Reefer Riches: What Minnesota could learn about recreational marijuana

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It was November 2012, and the good people of Colorado were about to buck their leaders. A grand total of two Colorado legislators supported a constitutional amendment to legalize the recreational use of marijuana.

The people paid the detractors no mind. The vote wasn’t even close.

Soon, Washington voters passed a similar measure, with Alaska and Oregon poised to follow.

The usual suspects harrumphed and wailed, promising chaos, crime, and social decay.

Children’s brains would be arrested by fog—if they didn’t die first by fiery car crash. 

Business groups warned that workers would lose all will to produce, then sue for being fired.

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Eight states passed marijuana laws in 2016. Nevada, which kicked off recreational sales on July 1, has seen weed shortages ever since due to high demand. Associated Press/John Locher

Police argued that disrupting gangs’ dominion over the black market would fuel violence.

Lawmakers worried they would incur the terrible fury of the federal government, which still legally considered weed to be heroin’s equal.

Five years later, the apocalypse seems to have missed its appointment. Instead, farm towns are cultivating a new cash crop and merchants have driven life back into vacant factories. New retailers resemble modern vitamin shops, rather than the dingy head shops opponents imagined.

Meanwhile, a billion-dollar upstart industry has crippled the black market, put thousands to work, and fed hundreds of millions in new tax dollars to schools, police, roads, and health care.

These days, legal marijuana’s greatest danger is not crime or decay, but politicians’ bitter disputes over who shall eat first from this glorious new pie.

Minnesota has no pie. Not even a crumb. The state’s medical marijuana program was crippled in gestation by the police lobby, so restrictive that dispensaries registered a combined loss of $11 million in the first two years.

Now Minnesota faces a looming decision. A majority of states already have medical marijuana. The new frontier is legalizing recreational use. Four more states did it in November, and public acceptance is accelerating. 

If our state politicians aren’t careful, they may soon find themselves run over the same way Colorado’s were. Luckily, the trailblazers have already forged paths of success and failure for us to learn from.

The Colorado gold rush

In the summer leading to Colorado’s constitutional amendment, state Rep. Jonathan Singer found himself trying to sell recreational weed to middle-class voters at the Northglenn Recreation Center in suburban Denver.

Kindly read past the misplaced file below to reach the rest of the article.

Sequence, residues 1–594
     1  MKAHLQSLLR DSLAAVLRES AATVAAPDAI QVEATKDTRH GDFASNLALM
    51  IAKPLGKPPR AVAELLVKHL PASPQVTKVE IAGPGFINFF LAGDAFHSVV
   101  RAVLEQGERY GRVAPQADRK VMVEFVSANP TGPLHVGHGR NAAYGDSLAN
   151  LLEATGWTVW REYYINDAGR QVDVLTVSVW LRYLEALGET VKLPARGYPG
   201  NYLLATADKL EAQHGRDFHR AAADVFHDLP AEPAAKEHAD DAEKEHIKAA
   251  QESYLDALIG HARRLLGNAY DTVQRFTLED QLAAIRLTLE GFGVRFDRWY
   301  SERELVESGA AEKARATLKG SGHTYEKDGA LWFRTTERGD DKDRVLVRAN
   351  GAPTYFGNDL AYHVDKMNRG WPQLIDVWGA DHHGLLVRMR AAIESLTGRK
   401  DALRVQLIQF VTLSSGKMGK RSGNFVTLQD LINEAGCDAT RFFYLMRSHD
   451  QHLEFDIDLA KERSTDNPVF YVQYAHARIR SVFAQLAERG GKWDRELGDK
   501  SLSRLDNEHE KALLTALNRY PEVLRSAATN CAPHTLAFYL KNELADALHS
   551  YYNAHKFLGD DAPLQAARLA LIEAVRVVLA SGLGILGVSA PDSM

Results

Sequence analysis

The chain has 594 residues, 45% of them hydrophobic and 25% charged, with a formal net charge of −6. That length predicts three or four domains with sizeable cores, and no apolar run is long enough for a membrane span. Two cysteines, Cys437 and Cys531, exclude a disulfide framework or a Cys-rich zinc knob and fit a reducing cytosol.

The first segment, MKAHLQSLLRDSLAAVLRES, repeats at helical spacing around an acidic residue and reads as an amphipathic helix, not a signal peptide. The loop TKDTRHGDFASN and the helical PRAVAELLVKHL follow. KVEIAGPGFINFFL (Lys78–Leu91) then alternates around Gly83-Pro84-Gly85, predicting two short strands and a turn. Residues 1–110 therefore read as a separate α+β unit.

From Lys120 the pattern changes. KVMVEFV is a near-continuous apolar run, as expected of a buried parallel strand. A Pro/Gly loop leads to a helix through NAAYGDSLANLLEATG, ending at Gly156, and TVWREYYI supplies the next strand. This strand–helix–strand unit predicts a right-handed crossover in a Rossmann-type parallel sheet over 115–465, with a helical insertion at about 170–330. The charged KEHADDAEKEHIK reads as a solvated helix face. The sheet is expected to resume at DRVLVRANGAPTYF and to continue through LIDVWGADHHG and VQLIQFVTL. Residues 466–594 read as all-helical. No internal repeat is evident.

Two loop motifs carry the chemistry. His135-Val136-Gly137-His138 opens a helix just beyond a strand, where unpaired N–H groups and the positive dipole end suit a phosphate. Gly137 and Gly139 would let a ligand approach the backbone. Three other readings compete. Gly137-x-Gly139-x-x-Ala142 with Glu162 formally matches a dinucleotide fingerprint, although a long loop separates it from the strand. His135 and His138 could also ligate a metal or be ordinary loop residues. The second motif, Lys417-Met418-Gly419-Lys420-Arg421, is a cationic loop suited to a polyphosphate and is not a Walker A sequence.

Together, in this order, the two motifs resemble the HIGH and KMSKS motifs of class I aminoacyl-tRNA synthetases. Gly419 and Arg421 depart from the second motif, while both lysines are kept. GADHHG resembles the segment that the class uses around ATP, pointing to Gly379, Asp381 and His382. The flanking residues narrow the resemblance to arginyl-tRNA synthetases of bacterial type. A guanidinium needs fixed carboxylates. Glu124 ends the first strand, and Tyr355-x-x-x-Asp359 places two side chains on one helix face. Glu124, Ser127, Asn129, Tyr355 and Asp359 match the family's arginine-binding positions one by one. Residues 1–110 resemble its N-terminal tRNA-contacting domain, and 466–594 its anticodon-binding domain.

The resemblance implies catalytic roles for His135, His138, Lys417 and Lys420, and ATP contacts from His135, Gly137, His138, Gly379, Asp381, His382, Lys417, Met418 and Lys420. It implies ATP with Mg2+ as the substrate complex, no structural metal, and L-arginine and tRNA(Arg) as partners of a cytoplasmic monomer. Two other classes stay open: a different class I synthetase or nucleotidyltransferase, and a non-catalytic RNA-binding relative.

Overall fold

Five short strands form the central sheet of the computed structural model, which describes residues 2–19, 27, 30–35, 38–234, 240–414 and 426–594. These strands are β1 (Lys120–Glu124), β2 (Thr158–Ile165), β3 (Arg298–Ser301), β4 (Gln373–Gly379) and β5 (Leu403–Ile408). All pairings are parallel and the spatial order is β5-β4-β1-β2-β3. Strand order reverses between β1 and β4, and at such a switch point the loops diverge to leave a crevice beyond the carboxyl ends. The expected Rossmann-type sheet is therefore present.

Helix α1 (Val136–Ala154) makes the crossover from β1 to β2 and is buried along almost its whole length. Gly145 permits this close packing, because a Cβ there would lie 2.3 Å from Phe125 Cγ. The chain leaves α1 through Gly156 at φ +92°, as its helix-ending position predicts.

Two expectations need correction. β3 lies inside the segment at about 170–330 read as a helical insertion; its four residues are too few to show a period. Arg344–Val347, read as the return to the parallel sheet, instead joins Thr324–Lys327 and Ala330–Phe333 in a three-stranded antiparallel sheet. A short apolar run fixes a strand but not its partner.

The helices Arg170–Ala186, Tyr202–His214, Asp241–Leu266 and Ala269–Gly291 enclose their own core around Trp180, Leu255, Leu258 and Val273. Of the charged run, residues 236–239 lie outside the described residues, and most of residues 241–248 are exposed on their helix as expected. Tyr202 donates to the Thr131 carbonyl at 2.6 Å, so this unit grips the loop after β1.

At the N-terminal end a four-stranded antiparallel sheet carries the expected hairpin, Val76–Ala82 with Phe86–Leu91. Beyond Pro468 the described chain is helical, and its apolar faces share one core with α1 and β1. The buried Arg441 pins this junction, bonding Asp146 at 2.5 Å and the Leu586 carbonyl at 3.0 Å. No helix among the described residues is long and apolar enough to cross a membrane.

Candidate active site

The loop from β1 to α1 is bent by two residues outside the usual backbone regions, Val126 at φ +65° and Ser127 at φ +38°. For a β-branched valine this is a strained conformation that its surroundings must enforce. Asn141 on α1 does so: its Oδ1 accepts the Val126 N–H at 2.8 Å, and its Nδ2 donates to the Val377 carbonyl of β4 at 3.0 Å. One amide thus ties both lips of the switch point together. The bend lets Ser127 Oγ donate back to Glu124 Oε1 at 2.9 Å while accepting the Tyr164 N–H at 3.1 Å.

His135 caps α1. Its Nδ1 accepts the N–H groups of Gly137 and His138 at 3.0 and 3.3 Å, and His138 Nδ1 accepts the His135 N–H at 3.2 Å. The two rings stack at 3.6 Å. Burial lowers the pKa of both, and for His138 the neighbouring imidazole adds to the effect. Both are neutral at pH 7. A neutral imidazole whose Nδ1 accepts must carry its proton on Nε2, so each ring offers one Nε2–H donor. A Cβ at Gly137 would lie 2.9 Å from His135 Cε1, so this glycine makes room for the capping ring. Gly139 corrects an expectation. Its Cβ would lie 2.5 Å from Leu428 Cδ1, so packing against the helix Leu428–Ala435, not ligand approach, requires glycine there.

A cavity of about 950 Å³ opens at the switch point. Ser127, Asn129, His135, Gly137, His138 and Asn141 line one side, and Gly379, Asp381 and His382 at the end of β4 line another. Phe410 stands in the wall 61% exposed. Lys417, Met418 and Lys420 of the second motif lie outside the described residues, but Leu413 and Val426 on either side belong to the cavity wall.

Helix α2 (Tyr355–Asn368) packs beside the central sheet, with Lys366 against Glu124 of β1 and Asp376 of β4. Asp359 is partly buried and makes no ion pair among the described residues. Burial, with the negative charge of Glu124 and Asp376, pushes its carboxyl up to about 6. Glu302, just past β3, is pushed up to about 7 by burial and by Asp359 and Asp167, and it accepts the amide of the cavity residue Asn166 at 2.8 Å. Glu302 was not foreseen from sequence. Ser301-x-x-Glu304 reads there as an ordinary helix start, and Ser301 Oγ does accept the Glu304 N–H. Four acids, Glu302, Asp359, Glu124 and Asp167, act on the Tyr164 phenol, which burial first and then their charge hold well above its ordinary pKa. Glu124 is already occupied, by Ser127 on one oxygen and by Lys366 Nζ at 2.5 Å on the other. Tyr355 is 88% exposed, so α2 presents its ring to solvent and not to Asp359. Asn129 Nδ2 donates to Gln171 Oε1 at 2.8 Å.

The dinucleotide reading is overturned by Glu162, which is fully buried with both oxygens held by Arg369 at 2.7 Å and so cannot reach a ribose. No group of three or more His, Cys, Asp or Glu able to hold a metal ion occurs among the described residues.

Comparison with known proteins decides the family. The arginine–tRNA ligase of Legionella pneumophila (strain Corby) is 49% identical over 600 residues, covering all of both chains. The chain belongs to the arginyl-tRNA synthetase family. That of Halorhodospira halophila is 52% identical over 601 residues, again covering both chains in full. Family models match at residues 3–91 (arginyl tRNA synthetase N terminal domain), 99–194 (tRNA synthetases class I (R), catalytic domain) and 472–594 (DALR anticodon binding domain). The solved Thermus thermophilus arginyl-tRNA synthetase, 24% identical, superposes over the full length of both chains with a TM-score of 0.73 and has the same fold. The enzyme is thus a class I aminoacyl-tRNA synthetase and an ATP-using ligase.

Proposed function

To many of Colorado’s progressives and libertarians, legalization was the obvious rejoinder to a failed war on drugs. For conservatives and family-oriented Democrats, Singer’s pitch needed to hit closer to home.

Northglenn’s beloved rec center had been around for some 20 years, the soul of the community, home to a senior center and a theater. But it was falling apart. Marijuana taxes could restore its full dignity, Singer told the crowd. Residents began to see the possibilities.

After the law passed, Northglenn would welcome five marijuana shops, which generated $730,000 in local taxes in a single year. In 2014, voters passed a hike in the suburb’s weed tax, directing proceeds directly to the rec center.

Colorado’s 15 percent tax on wholesale marijuana, 10 percent on retail, and 2.9 percent everyday sales tax puts it on course to raise more than $200 million this year. The first $40 million went to the Department of Education to replace crumbling roofs, repair bleachers, and treat asbestos in rural schools. Millions more have been spent on dropout and bullying prevention, police training, and prison diversion for juvenile offenders.

Counties and cities are allowed to establish their own taxes. Last year, Denver received $37 million. Though marijuana regulation cost $9.5 million, the remaining $27.5 million bolstered the city’s general fund and went to affordable housing.

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Suburban Edgewater rebuilt its civic center using marijuana money. Aurora spent more than $1 million to help the homeless get off the streets.

In remote Bent County, where the closure of a state prison seemed to spell certain economic doom, weed paid for rebuilding the dilapidated penitentiary into housing for rehabbing addicts.

But marijuana’s greatest triumph was in Pueblo County, a high-poverty, high-unemployment, low-education region in the heart of mining country. For much of its history, its prospects were hitched to a century-old steel mill. As production fell, population dwindled, along with the fate of the schools.

A dearth of work wrought a vicious cycle of teenage parenthood, incarceration, and drug abuse upon generations, recalls County Commissioner Sal Pace. So when marijuana became legal, he pounced on the opportunity like the future of Pueblo depended on it.

“We’ve had a huge economic boom.”

Fallow farmland transformed into emerald fields of cannabis. Processing labs brought $150 million of outside investment. Unemployment rates dove from 12.9 percent to 3.2 percent, as jobs opened for construction workers, horticulturists, lab technicians, chemists, pastry chefs, security guards, and budtenders. The county’s new population punched in at a historic high of 165,000.